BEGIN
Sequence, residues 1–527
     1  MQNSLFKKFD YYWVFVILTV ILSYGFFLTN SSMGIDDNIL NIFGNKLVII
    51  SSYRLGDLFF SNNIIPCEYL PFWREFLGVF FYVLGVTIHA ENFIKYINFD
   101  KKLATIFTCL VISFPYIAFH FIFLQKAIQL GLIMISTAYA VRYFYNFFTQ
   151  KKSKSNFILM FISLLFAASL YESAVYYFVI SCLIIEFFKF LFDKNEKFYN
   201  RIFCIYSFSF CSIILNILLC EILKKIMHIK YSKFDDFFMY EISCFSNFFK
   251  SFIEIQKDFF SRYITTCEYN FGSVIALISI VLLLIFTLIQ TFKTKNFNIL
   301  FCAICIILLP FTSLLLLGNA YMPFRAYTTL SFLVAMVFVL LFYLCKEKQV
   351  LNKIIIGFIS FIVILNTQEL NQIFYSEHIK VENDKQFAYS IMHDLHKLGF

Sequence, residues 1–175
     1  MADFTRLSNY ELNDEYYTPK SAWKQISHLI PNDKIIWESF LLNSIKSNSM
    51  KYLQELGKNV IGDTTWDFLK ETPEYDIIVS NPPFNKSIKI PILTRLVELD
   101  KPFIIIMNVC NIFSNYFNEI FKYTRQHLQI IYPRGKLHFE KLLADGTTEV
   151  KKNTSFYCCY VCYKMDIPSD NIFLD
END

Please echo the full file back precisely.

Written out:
Sequence, residues 1–527
     1  MQNSLFKKFD YYWVFVILTV ILSYGFFLTN SSMGIDDNIL NIFGNKLVII
    51  SSYRLGDLFF SNNIIPCEYL PFWREFLGVF FYVLGVTIHA ENFIKYINFD
   101  KKLATIFTCL VISFPYIAFH FIFLQKAIQL GLIMISTAYA VRYFYNFFTQ
   151  KKSKSNFILM FISLLFAASL YESAVYYFVI SCLIIEFFKF LFDKNEKFYN
   201  RIFCIYSFSF CSIILNILLC EILKKIMHIK YSKFDDFFMY EISCFSNFFK
   251  SFIEIQKDFF SRYITTCEYN FGSVIALISI VLLLIFTLIQ TFKTKNFNIL
   301  FCAICIILLP FTSLLLLGNA YMPFRAYTTL SFLVAMVFVL LFYLCKEKQV
   351  LNKIIIGFIS FIVILNTQEL NQIFYSEHIK VENDKQFAYS IMHDLHKLGF

Sequence, residues 1–175
     1  MADFTRLSNY ELNDEYYTPK SAWKQISHLI PNDKIIWESF LLNSIKSNSM
    51  KYLQELGKNV IGDTTWDFLK ETPEYDIIVS NPPFNKSIKI PILTRLVELD
   101  KPFIIIMNVC NIFSNYFNEI FKYTRQHLQI IYPRGKLHFE KLLADGTTEV
   151  KKNTSFYCCY VCYKMDIPSD NIFLD